lovely in lilac

scrumptious in pumpkin
tatted glove and dolly bag
pretty in pink

beautiful tatting!
frilly tatting

Catching up!

Well I have been home from Australia for about 6 weeks now and it has been such a busy time that I have only just got around to writing about the rest of my holiday - before it becomes history. Being on holiday was sooo nice that it is difficult to get back into my normal life , especially as I had another holiday in Botswana, a week after returning from Australia, but I will get to that all in good time. Just be patient and I will try to catch up.

Wednesday, 27 July 2011

Australian Lace Guild, Victoria Branch, lace day

Saturday 23rd July was a lovely sunny day, made even better by being picked up by Leonie Masterson and Vicky and taken to Brighton for a lace day. There were about 40 lacemakers there and nearly everyone there had a lace pillow with them and those that didn’t were tatting, crocheting, knitting or embroidering lace.  Everyone was busy. I did not have any work to do but wore my scarf and saw that quite a few of the other lacemakers were wearing lace scarves in various techniques. I spent a very happy morning in the sales room, trying to decide what bobbins and other souvenirs my meagre South African Rands would buy. Luckily I had sold all the painted boSAM_0790bbins that I brought with me so felt free to make a few purchases. 
These are the painted bobbins that I  brought with me. they are painted by Paddy Waters (aged 82) in South Africa and are very special.

   These are the bobbins I bought from Josco Lace supplies They are in various woods with an Inlace Insert.
This one was a present from Leonie. It has a picture of a Quondong berry and leaves painted on it and a dried Quondong seed on it.     Thank you Leonie

                                                                                                          SAM_0697                     In the afternoon there was a short AGM and then a talk by a student of animation (sorry I did not get her name) who spoke about her short animated film with crocheted characters. She spoke of how she made the characters and did the animation and the film was very cute and suitable for children’s TV. Thanks to that she now has a contract for a TV series next year.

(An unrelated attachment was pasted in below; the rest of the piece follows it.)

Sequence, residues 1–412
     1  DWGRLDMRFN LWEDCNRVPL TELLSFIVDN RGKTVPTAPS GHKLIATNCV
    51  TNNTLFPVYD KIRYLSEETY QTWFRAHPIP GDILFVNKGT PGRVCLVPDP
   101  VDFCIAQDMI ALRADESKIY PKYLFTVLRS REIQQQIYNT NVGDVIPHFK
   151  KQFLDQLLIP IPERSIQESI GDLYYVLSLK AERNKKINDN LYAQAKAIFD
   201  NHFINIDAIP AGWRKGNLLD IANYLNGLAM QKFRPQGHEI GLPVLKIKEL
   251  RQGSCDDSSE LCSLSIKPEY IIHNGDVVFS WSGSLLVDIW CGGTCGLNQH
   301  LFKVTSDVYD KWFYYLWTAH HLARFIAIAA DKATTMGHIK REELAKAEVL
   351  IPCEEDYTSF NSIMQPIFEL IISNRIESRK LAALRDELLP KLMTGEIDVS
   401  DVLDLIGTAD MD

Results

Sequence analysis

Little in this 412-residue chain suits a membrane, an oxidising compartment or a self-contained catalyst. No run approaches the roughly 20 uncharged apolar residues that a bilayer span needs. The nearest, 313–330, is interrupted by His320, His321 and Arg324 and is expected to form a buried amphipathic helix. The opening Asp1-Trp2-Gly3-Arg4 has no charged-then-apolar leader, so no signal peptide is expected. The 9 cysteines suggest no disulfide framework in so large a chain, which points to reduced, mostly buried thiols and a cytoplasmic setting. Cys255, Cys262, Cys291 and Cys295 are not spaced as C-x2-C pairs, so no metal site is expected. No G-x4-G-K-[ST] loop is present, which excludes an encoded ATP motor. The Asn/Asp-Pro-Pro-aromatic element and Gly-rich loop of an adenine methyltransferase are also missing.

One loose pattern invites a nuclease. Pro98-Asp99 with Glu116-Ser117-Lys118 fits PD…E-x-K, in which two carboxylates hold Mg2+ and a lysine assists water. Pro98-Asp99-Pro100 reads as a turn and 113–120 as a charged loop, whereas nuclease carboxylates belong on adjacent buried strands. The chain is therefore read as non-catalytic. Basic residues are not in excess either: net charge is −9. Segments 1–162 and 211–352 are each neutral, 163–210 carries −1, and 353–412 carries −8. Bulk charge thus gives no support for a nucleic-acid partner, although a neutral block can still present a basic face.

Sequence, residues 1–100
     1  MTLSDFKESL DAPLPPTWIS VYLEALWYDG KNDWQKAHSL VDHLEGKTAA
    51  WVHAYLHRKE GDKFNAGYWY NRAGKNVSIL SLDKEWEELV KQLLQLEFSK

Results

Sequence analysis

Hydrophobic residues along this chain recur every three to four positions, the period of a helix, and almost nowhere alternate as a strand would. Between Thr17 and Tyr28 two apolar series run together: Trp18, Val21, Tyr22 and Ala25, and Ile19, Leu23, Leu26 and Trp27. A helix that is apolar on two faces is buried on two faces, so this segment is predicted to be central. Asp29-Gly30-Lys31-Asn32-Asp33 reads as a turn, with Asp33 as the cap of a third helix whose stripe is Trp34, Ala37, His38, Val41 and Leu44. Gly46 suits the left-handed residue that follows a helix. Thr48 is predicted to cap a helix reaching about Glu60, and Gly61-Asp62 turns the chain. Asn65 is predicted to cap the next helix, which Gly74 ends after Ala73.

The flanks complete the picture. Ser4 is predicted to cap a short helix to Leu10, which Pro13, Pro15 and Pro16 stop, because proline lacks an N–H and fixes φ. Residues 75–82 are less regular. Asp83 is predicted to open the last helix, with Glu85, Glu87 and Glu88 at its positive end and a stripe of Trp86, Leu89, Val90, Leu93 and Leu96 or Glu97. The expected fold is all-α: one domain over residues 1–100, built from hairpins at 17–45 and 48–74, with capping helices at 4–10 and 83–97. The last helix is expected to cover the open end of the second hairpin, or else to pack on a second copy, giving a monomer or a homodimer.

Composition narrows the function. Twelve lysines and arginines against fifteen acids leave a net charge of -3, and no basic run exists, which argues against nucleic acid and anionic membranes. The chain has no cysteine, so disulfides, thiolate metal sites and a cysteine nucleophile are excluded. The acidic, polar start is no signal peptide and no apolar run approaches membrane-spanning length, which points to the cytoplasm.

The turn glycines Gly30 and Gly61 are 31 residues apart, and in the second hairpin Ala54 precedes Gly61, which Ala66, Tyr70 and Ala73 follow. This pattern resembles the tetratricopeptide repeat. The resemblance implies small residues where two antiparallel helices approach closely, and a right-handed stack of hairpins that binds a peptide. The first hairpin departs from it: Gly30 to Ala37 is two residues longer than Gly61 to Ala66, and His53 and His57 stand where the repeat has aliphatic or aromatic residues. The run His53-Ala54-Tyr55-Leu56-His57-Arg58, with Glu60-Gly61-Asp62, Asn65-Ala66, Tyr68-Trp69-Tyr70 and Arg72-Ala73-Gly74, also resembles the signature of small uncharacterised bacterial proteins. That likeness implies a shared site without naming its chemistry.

All in all it was a very pleasant day in convivial company

Thursday, 21 July 2011

Hasty Chaotic Scarf

About a week before leaving home for my holiday in Australia, I decided that I needed something lacey to wear.  It had to be something contemporary that I could do quickly and take with me to finish off.  After some thought I decided to do a scarf in a thick thread, with not too many bobbins and easy to do.  I looked at all the scarf patterns that I have and nothing seemed to fit the bill so,  as I have been doing a lot of chaotic ground recently and it grows quickly,  it seemed to be the thing to do.  Now for the thread. None of my lace threads seemed to be thick enough and I did not have time to go and buy something new, so I scratched all through my oddments of knitting wools and found some black double-knitting and some Twilleys Gold Dust in black and silver and purple and I rushed out and bought some “eyelash” thread for texture. After a couple of experiments I made a pricking of 20 pins across the top, spaced 1cm apart and pinholes down each side, spaced 2cm apart.  No pins in the centre are required.  24 pairs of bobbins were needed in a random mixture of those threads, to allow for 1 pair on each pin and  2 pairs in cloth stitch (CTC) across the top and down each side.

I used my large Flemish Pillow with 30cm wide blocks and once I got going I could do 15cms in one hour. This is real mile-a-minute lace.  I had not done much when I packed it into my suitcase, so I just took the lace and bobbins on 2 half-blocks 15cm by 30cm.  Once settled into my son’s house I had to find something to support the bobbins while I worked. In the end I used the lid off my granddaughter’s toy box and a rolled up towel surrounding the blocks.  It worked very well.

As the knitting wool was a bit stretchy I diluted some Moravia Starch with 10 parts water and sprayed it on each 15cm section as I made it. It  still shrunk a little but the chaotic ground holds it’s shape OK.

Chaotic ground is worked – double stitch (CTCT), half-stitch CT, repeated across the first row. then half-stitch (CT), double stitch(CTCT) across the second row, making sure that a half-stitch is below a double stitch and a double stitch is below a half stitch all the time. If you have not done it before it can be a bit disconcerting as it takes 3 or 4 rows before the ground starts to take shape and it can slide around a lot.  I did not put any pins in the middle as I wanted it to be a bit irregular.   If you want it to be more regular, work the double stitch as half-stitch, pin, half-stitch. Of course, then you need to work on a 45 degree ground of pin-holes. I started with 4m on each bobbin and the eyelash thread ran out when the lace was 1.6m long so that is the length of the scarf. The eyelash thread is not easy to pull up and tension, but at least it is now finished and ready to wear at the Love Lace exhibition at the Powerhouse museum in Sydney at the end of the month.  SAM_0487SAM_0488